One week, one young hospitalist, three dying patients. Sometimes it's easy, sometimes so-so, and sometimes it's hard. I'm getting to the age where words like Medicare, advanced illness, and, yes, hospice don't seem so far in the future. Our team recently worked with a new young hospitalist to help her patients and help her deal with the reality that no one lives forever.
Dr. G, as I'll call her, got in touch about a 48 year old woman with a longstanding degenerative neurological disease. "I've just walked in the room, and I think she is dying," Dr. G told me. "Her mother seems so calm and accepting. The patient's so young, and I just want to be sure that I'm doing the right thing" by honoring the patient's wish for no aggressive measures.
When we met the patient, it was obvious that Dr. G was right. Jane was unarousable with rapid, shallow breathing. Her arms and legs were ice-cold, and the skin around her kneecaps was already turning purple. This mottling is often a sign of impending death. So we spoke with her mother. "Jane and I have talked about this many, many times over the last three years," she told us. Jane had already experienced multiple episodes of what we call multi-system organ failure, which means just what it sounds like. She'd been pulled back from the brink half a dozen times, and she wasn't going to tolerate it again. Her written declaration was clear and consistent with her mother's description. "I'm at peace with this," she said. "I feel strongly that Jane has suffered greatly, that she has had enough, and that she'll be going to a better place." Our team reassured Dr. G that she was, in fact, doing the right thing by holding off on transfer to the ICU, pressor drugs to raise the blood pressure, and so on. Jane was quickly transferred to the inpatient hospice unit, where she died comfortably the next day.
Easy? Well, sort of. It's never easy to lose a child (see my December 2011 post, "The Natural Order of Things"), but there was no argument about what was going on and no disagreement about what was the compassionate thing to do. So, yes, easy in the spectrum of not-so-easy things.
Later in the week, we heard from Dr. G again about another patient. Martha was 46, and when her breast cancer was diagnosed and treated five years earlier, she'd decided that the fight was over and that she had won. She went on with her life, feeling fine and doing all the things that a wife, mother, and community member would do. Six months before we met her, the cancer came roaring back. It spread throughout her abdomen and left her with pain, weight loss, and a belly full of fluid. Her oncologist admitted her to the hospital for symptom management, and that's what prompted Dr. G's call to us.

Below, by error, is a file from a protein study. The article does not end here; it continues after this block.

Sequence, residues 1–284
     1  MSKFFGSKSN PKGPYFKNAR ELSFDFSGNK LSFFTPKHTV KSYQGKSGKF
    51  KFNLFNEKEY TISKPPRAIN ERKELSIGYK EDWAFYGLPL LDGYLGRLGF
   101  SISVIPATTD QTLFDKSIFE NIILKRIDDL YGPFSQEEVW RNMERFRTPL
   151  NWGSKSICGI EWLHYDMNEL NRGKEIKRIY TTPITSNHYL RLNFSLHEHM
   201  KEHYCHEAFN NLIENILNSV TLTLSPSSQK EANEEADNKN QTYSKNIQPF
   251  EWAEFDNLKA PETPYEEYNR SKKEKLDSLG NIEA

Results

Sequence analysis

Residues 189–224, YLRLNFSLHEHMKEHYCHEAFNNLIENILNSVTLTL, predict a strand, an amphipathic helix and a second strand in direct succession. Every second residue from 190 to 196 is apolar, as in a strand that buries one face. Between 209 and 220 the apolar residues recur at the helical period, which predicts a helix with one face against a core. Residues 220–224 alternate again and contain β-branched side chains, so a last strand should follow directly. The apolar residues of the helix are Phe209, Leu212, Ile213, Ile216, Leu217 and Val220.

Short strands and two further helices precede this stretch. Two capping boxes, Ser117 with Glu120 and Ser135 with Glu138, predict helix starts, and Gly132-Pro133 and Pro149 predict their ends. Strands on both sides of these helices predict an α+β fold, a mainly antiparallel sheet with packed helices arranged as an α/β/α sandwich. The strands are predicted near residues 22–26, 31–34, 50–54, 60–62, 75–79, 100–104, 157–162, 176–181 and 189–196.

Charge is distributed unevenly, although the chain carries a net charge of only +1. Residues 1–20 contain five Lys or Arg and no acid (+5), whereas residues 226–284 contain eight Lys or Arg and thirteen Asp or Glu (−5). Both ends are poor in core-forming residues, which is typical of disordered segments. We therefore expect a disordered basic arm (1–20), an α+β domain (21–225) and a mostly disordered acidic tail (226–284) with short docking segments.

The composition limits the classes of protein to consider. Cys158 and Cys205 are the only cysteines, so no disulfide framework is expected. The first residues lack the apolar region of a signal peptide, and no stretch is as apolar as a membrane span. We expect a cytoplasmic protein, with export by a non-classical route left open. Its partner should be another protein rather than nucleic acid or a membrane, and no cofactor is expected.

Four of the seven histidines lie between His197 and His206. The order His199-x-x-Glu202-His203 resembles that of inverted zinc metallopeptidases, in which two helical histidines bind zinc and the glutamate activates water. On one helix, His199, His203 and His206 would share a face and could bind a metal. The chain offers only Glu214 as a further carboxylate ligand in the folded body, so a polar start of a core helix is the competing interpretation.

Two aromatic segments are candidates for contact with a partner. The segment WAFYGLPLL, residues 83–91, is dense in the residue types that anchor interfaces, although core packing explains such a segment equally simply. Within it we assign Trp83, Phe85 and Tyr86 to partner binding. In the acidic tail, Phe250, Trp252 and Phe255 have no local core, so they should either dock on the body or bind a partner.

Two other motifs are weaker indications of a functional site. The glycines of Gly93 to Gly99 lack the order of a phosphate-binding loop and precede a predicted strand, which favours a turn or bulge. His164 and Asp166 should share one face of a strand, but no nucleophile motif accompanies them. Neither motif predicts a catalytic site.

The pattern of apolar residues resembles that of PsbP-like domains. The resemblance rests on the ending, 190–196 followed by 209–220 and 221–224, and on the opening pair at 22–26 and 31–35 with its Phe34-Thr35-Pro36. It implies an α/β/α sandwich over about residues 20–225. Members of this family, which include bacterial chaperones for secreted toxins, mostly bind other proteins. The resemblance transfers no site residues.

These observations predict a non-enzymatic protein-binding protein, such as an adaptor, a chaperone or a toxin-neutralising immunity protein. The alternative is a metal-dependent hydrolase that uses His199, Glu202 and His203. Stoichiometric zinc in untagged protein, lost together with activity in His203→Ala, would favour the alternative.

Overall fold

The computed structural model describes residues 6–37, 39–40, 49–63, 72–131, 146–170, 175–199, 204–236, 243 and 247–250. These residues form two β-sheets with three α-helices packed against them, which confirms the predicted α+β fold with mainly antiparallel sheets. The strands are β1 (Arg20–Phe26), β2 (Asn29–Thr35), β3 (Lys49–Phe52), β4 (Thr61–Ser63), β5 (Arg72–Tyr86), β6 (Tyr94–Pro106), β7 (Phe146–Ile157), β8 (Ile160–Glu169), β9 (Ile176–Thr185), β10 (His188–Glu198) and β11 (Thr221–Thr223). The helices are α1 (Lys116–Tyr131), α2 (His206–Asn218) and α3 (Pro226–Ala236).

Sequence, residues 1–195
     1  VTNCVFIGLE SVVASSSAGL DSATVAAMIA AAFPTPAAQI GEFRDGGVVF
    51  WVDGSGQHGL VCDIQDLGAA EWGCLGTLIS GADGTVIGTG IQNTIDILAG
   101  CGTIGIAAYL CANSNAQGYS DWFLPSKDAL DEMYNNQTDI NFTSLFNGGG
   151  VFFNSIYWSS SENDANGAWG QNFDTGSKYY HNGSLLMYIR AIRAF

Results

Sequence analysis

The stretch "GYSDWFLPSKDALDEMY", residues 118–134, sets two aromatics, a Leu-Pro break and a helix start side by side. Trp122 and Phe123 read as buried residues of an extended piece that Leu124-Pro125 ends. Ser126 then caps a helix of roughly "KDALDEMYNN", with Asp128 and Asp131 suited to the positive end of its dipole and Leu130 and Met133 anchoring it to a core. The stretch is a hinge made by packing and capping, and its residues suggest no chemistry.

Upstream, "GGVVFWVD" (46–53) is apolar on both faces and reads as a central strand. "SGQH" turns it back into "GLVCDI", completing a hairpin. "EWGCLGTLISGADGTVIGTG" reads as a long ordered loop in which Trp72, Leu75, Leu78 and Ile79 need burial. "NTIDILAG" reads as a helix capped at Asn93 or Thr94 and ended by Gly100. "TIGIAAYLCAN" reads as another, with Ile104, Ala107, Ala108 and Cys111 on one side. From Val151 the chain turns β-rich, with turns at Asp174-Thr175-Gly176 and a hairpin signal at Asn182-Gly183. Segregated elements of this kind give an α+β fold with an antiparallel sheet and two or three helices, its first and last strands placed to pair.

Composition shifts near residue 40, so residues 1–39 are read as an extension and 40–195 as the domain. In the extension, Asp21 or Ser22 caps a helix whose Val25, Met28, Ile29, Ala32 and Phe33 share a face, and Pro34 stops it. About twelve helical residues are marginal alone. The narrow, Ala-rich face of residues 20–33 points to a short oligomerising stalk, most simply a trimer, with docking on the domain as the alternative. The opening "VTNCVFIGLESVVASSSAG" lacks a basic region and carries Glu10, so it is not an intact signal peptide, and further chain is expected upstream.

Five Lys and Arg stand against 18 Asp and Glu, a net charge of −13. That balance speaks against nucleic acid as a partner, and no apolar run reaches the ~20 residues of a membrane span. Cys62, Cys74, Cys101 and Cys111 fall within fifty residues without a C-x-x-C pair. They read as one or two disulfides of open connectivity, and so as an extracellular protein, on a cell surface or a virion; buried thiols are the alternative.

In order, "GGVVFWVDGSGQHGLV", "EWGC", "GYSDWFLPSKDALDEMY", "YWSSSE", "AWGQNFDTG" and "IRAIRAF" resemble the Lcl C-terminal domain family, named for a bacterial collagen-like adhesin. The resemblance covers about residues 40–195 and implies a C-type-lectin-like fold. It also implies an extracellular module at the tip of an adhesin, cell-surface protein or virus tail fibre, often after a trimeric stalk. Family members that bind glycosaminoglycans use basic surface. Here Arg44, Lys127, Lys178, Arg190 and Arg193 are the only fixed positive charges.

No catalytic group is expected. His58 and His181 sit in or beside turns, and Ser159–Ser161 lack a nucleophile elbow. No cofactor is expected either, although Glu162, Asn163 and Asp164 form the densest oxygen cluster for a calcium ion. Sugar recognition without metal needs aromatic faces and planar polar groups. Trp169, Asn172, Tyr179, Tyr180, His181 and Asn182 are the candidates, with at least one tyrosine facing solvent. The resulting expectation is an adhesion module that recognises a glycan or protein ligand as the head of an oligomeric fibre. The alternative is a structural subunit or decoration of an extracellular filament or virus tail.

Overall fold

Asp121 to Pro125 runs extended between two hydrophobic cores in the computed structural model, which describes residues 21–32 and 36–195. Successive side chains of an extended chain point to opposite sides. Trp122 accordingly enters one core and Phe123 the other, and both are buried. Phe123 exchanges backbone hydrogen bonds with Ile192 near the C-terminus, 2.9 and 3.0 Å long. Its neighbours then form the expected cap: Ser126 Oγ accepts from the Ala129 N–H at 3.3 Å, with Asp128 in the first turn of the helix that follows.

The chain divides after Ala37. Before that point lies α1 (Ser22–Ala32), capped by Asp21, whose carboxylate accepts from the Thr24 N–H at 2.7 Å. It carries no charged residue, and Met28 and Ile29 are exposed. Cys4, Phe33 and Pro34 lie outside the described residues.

Martha was obviously uncomfortable. She was being attended to by a small group of devoted but protective friends. It was clear to our team that the friends were acting as Martha's guardians, and that anything we proposed had to be cleared by them. (This is a not uncommon dynamic when young female patients are beginning the dying process, I have found.) So we got to work on Martha's pain and shortness of breath. We were not surprised when she and the guardians raised the question of hospice. Uncharacteristically, her oncologist raised no objection. The original plan was for Martha to go home with hospice care, but after three days in the hospital it was clear that she couldn't manage at home even with the help of hospice, her husband, and the guardians. All parties wrestled with the decision for a day or so, and then Martha and those who cared about her accepted a transfer to the inpatient hospice unit where she died, also comfortably, a few days later.
But the really hard one for the young hospitalist was a patient roughly three times her age. Pedro was 86. When he fell at home, he hurt his neck and -- as is often the case with fragile elders -- some of his marginally functioning body systems also took a hit. His heart failure got worse, which in turn affected his not-so-healthy kidneys, and within a few days his lungs were giving out, too. He needed ever-increasing concentrations of oxygen and appeared to be tiring out. Some patients like this are placed on a ventilator, but with everything else going wrong with Pedro it was clear that he would never be able to come off a breathing machine. Dr. G called the patient's sister, who was his medical power of attorney. I listened as she described the situation with great compassion and skill. Unlike many doctors, she didn't avoid the word "dying." She told it like it was. The sister agreed to come in that afternoon to meet with our team, Dr. G, and other family members to talk about next steps and probable enrollment in hospice. A few hours later, we were midway through that discussion when Pedro's nurse appeared and waved me over. He had stopped breathing and his heart was slowing rapidly. I returned to the conference room and told Pedro's sister that he had died. Dr. G looked a bit stricken, and we talked that through. She was feeling guilty that she hadn't moved more quickly to get the family up to speed and enroll the patient in hospice. I reminded her of what a great job she'd done on the phone and told her that no one could have moved any faster.
No end-of-life situation is truly easy -- not for the medical team, not for the family, surely not for the dying. Still, in the space of one week, our team accompanied dying patients, their loved ones, and one young physician through easy, medium, and hard situations. That is the unique satisfaction of a life in hospice and palliative care.